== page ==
As in many solid tumors, a great number of nucleotide alterations were reported in HCC. So far, several genes, such as TP53, CTNNB1 and AXIN1, are frequently mutated and have been demonstrated to contribute to tumor development. Although TP53 is the most frequently altered gene in HCC [73,74,75,76], its mutation rate is different between geographical regions. While a high frequency of mutations has been reported in patients from East Asia and Africa, it is relatively lower in other countries, including the West [77]. In particular, a specific mutation in codon 249 resulting in a G to T transversion was common in areas of aflatoxin B1 dietary exposure [26,27]. In contrast, HCC patients without aflatoxin B1 exposure had a lower prevalence of TP53 mutations, except in hemochromatosis-associated HCC [76,78,79]. TP53 mutations of HCC patients in western countries have been reported to be correlated with tumor grade, clinical stage and prognosis, suggesting that these mutations are not causative of carcinogenesis, but features acquired during tumor progression [80,81,82].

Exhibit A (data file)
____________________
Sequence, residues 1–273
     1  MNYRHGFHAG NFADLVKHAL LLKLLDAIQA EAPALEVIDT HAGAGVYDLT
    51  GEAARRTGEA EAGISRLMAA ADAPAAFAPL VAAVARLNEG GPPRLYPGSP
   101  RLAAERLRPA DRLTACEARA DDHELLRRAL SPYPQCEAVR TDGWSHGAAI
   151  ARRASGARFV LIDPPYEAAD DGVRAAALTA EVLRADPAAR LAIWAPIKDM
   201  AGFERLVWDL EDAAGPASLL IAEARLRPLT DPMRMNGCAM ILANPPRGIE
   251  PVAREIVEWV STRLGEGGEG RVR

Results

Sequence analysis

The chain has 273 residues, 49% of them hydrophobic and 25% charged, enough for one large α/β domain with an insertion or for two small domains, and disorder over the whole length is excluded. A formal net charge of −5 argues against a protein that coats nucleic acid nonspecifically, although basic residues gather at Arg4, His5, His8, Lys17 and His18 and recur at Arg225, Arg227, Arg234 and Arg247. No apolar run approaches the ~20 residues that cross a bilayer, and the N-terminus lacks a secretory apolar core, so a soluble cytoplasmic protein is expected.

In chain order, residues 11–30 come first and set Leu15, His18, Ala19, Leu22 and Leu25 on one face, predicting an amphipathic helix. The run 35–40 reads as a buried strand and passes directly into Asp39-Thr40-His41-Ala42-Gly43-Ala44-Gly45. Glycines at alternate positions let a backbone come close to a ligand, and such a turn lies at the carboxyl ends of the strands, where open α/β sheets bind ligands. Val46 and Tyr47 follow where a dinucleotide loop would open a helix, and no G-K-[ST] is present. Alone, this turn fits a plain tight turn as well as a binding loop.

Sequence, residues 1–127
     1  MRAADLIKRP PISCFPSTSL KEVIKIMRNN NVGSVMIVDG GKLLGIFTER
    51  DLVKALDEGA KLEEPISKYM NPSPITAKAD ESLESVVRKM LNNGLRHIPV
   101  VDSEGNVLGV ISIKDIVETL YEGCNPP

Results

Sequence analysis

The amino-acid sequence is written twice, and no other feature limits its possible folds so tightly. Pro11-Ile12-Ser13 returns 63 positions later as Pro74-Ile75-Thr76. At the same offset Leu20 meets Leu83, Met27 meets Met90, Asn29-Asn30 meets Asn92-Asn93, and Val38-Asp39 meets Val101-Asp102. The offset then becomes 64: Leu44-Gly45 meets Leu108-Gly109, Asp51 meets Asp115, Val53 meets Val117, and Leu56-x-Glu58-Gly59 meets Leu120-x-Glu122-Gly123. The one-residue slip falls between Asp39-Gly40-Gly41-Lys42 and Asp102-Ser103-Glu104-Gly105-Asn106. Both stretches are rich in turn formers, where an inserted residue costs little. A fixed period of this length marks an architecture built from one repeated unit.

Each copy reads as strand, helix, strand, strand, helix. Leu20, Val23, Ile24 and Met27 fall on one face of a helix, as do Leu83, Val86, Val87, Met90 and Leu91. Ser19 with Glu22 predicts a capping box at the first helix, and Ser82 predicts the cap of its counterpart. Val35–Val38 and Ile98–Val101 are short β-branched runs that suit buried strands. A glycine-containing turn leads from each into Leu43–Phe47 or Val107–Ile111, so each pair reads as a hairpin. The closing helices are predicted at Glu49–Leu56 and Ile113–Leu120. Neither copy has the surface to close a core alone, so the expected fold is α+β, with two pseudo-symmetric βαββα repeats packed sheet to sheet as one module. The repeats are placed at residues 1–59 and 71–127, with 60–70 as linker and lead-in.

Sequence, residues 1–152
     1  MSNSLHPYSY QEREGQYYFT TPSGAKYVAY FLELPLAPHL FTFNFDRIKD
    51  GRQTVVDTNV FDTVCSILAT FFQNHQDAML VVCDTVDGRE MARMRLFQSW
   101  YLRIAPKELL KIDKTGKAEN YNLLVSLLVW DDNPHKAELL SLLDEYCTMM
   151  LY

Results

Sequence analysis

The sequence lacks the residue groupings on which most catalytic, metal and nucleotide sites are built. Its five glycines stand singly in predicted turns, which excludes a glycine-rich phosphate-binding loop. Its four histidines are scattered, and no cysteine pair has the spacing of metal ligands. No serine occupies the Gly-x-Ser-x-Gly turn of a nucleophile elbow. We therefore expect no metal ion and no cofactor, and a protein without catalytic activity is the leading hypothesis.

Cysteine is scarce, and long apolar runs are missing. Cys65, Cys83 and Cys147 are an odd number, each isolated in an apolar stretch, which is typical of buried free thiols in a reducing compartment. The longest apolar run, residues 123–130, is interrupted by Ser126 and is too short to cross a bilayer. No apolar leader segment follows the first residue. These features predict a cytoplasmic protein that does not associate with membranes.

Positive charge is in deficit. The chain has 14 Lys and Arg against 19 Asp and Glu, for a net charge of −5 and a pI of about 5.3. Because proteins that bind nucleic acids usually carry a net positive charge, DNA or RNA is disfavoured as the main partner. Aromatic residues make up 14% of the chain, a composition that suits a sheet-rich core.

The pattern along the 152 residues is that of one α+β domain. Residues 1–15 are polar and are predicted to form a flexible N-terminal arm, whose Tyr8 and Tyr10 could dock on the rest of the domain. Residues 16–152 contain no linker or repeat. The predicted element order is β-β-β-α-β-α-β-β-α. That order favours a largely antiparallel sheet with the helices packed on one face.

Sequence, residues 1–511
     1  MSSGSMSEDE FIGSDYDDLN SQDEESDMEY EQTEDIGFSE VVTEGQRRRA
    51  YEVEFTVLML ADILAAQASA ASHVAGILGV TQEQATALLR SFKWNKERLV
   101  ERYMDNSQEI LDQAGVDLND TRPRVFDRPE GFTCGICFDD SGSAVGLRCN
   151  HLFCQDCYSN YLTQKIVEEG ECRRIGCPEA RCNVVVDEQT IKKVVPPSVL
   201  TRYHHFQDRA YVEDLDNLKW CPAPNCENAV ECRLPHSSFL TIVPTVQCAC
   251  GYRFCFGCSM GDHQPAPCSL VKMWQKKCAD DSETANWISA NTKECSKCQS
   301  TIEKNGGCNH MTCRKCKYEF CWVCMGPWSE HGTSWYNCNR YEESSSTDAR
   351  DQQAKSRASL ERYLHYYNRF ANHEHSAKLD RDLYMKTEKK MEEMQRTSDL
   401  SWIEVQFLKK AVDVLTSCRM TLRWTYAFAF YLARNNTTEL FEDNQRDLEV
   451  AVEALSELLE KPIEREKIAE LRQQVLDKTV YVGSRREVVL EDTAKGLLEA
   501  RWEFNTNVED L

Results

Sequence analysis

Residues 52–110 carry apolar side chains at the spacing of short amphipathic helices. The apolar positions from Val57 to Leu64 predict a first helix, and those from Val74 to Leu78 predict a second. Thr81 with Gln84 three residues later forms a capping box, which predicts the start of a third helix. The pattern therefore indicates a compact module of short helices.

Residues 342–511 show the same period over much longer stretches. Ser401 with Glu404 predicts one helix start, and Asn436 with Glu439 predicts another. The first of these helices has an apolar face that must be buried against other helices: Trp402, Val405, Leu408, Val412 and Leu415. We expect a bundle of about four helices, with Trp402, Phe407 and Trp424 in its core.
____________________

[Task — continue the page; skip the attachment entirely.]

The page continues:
Currently, the dysregulation of Wnt/β-catenin signaling has been observed in a subset of HCC. Nucleotide alterations of CTNNB1 have been found in 13%–44% of HCC cases [73,83,84,85,86]. In addition, other genes within the Wnt/β-catenin signaling pathway, such as AXIN1 and AXIN2, were also reported to be frequently mutated [73,84,87,88]. These mutations activate the Wnt/β-catenin signaling cascade by stabilizing the elevated expression of β-catenin. Accordingly, Hsu et al. [83] reported that CTNNB1 mutations were associated with non-HBV-related HCC, lower stage and good prognosis, suggesting that the mechanisms of β-catenin mutations are different between HBV-related and non-HBV-related HCCs and that β-catenin mutation may be a favorable prognostic marker.

Highly-frequency somatic mutations were also identified at the promoter region of specific genes. Nault et al. [89] recently reported recurrent mutations of the telomerase reverse-transcriptase (TERT) promoter in 59% of HCC cases, 25% of cirrhotic preneoplastic macronodules and 44% of hepatocellular adenomas with malignant transformation. The authors found that TERT promoter mutations in HCC were significantly associated with CTNNB1-activating mutations.